Work and Labor

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Bonobo Sex and Society "This finding commands attention because the bonobo shares more than 98 percent of our genetic profile, making it as close to a human as, say, a fox is to a dog. The split between the human line of ancestry and the line of the chimpanzee and the bonobo is believed to have occurred a mere eight million years ago. The subsequent divergence of the chimpanzee and the bonobo lines came much later, perhaps prompted by the chimpanzee's need to adapt to relatively open, dry habitats [see "East Side Story: The Origin of Humankind," by Yves Coppens; SCIENTIFIC AMERICAN, May 1994].
   
Insect Societies "The integrated division of labor within the insect colony (with the various castes of workers and soldiers) has been achieved by selection of single queens. (In later evolution, the nest acquires such strong entitativity that queen replacement and even multiple queens can occur.) In the ants, the probable initial stage was brood-care help by daughters with postponed fertility. This created an ecology in which only nests with such auxiliary helpers survived. Nest (or colony) selection began at this point. Postponed fertility was probably augmented by a pheromone exuded by the fertile mother."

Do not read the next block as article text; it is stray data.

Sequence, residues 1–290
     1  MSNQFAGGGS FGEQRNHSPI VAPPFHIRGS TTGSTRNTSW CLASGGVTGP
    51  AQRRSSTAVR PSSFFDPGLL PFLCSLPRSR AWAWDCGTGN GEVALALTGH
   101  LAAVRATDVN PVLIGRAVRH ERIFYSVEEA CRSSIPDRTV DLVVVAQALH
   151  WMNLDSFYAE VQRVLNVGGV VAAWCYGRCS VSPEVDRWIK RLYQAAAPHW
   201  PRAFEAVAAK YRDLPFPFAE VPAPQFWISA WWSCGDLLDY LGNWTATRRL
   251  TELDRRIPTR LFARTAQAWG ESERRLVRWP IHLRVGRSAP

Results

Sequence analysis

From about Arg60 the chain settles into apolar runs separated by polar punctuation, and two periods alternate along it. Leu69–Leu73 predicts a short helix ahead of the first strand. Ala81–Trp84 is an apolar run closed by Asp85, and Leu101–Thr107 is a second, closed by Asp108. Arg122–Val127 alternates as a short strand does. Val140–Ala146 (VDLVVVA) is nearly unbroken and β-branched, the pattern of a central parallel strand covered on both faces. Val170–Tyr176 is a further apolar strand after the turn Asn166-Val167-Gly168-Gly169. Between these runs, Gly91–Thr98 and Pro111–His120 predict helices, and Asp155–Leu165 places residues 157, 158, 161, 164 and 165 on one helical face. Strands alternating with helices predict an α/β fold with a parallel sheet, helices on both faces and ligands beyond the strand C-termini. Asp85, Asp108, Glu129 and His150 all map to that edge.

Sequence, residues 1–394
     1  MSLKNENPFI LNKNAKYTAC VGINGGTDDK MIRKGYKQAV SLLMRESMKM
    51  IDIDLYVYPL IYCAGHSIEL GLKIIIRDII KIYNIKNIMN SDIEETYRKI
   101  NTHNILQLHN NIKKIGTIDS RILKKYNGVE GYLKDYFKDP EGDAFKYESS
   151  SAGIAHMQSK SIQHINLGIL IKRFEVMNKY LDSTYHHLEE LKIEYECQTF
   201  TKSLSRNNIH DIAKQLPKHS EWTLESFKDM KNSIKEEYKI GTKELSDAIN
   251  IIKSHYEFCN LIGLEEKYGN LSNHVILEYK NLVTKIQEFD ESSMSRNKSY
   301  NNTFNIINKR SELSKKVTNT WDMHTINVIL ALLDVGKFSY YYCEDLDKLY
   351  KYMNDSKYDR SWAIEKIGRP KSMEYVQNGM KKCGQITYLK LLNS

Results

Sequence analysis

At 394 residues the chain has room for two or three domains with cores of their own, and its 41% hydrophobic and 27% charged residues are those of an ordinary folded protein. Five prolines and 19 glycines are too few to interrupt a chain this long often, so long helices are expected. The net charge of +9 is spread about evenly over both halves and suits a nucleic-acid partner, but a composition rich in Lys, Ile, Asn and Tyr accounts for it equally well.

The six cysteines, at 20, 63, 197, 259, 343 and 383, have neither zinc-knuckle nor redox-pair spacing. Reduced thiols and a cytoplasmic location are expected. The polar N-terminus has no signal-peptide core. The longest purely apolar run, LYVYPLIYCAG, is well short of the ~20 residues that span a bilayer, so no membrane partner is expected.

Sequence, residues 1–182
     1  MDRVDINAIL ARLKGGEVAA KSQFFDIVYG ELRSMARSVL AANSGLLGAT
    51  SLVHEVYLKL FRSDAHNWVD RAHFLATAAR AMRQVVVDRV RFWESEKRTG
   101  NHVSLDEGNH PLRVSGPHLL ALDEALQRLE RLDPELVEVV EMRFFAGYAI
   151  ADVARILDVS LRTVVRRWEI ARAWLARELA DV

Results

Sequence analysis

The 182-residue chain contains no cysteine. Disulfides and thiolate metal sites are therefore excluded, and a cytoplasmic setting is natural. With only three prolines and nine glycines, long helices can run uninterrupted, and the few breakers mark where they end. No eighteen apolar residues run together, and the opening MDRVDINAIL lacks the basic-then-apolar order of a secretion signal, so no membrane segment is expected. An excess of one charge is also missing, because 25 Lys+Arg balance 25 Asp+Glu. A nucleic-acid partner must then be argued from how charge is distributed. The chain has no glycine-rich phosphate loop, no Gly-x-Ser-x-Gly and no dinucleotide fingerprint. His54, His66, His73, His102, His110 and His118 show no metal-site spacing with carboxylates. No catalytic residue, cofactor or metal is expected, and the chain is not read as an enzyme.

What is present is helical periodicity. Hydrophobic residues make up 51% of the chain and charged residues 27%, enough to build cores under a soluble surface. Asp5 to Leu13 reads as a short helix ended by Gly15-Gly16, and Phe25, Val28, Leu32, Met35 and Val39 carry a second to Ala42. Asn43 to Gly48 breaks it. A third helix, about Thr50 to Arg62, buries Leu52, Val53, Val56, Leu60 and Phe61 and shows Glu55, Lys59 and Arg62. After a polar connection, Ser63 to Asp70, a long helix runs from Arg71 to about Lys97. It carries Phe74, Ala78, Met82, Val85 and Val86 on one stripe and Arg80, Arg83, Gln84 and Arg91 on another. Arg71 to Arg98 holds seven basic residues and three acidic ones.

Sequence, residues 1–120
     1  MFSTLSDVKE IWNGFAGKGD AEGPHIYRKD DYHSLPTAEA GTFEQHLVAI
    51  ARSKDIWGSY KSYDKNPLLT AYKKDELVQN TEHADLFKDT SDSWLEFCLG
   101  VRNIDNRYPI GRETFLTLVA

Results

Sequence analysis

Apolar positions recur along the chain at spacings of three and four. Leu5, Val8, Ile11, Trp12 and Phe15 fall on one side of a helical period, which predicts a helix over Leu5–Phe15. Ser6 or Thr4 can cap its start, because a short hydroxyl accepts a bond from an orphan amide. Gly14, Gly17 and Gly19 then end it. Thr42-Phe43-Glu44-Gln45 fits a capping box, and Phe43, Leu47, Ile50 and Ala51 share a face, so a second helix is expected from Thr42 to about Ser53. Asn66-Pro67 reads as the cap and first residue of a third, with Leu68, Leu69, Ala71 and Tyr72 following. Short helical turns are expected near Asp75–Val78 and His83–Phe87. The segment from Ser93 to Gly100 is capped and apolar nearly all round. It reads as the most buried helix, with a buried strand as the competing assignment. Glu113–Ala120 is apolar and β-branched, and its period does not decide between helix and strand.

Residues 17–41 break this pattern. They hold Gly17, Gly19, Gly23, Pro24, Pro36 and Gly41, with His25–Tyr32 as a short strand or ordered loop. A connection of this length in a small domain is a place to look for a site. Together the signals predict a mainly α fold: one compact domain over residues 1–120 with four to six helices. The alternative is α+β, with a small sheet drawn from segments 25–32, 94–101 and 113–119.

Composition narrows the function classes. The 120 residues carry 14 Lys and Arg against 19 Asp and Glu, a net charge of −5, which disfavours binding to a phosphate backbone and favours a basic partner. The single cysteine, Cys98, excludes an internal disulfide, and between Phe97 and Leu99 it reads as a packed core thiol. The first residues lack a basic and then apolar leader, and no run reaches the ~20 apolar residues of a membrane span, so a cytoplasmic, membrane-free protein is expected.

Neo-Tech Home Page "The often misunderstood division-of-labor concept is central to all beneficial relationships, ranging from individual man-woman romantic relationships to mutually beneficial employer-employee relationships involving thousands of people. Next to their attacks on individual rights through the use of government force, the most harmful neocheating manipulations by feminist leaders are their attacks on the voluntary division-of-labor concept. Some feminists advocate eliminating the division-of-labor dynamic from man-woman relationships. They demand, for example, that all jobs, chores, and activities be shared equally."
   
REAL BASIS OF IDEOLOGY, THE "From the first there follows the premise of a highly developed division of labour and an extensive commerce; from the second, the locality. In the first case the individuals must be brought together; in the second they find themselves alongside the given instrument of production as instruments of production themselves. Here, therefore, arises the difference between natural instruments of production and those created by civilisation. The field (water, etc.) can be regarded as a natural instrument of production. In the first case, that of the natural instrument of production, individuals are subservient to nature; in the second, to a product of labour."